The interplay between inflammatory bowel disease and Clostridioides difficile co-occurrence and the pediatric gastrointestinal microbiome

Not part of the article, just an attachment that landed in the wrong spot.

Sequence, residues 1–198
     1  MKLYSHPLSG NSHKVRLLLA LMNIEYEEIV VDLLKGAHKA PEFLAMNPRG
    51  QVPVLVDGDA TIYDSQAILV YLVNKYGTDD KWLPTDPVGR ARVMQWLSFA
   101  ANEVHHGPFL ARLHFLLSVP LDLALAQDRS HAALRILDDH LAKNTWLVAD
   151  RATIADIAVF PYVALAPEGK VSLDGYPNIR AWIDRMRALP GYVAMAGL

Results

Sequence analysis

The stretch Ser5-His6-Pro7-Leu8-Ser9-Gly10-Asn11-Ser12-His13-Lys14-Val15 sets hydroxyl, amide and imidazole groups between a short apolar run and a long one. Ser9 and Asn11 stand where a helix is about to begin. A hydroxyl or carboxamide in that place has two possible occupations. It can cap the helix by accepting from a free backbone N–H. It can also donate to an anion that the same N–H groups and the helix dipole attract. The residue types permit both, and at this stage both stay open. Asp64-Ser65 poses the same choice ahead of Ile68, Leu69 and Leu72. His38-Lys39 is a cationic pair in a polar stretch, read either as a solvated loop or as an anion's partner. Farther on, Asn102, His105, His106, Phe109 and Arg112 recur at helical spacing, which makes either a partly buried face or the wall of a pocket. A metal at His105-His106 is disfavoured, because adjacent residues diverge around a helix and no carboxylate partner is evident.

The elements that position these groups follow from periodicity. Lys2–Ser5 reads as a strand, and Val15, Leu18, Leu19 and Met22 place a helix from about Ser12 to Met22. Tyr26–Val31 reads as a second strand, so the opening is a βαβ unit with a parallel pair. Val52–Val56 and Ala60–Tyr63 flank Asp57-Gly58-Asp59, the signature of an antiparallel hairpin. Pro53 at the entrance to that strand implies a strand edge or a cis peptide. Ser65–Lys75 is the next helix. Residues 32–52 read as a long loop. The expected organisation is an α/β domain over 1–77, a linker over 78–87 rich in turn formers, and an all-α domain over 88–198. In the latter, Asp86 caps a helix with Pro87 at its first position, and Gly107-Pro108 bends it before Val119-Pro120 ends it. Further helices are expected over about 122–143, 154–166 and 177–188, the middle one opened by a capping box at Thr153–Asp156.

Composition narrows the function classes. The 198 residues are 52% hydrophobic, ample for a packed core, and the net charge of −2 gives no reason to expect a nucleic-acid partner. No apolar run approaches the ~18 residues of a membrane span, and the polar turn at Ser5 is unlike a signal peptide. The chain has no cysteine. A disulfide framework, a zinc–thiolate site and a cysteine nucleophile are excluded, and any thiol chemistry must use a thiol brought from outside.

Gastrointestinal (GI) infection caused by the bacterium Clostridioides difficile is a common complication of inflammatory bowel disease (IBD), a condition caused by an aberrant host immune response to the GI microbiota. C. difficile infection (CDI) typically occurs after disruption of the GI microbiota, making the immune response to microbiota during IBD a major risk factor. This is particularly important in pediatric populations where 47% may suffer from an IBD-CDI co-occurrence. Fecal microbiota transplant (FMT) is a successful experimental treatment for IBD and CDI. It is thought to work by restoring a healthy-functioning microbiome to the IBD-CDI patient, however the specific host and bacterial factors that define FMT’s success remains unknown. We will recruit pediatric IBD-CDI patients to define host immune responses to FMT treatment. Using a novel IBD-CDI mouse model, we will then attribute host responses to FMT therapy and microbiota composition. This translational research will advance our mechanistic knowledge of FMT efficacy and ultimately impact FMT safety and governance. We will present our findings at international conferences including Canadian Digestive Diseases Week and aim to publish them in high-impact journals.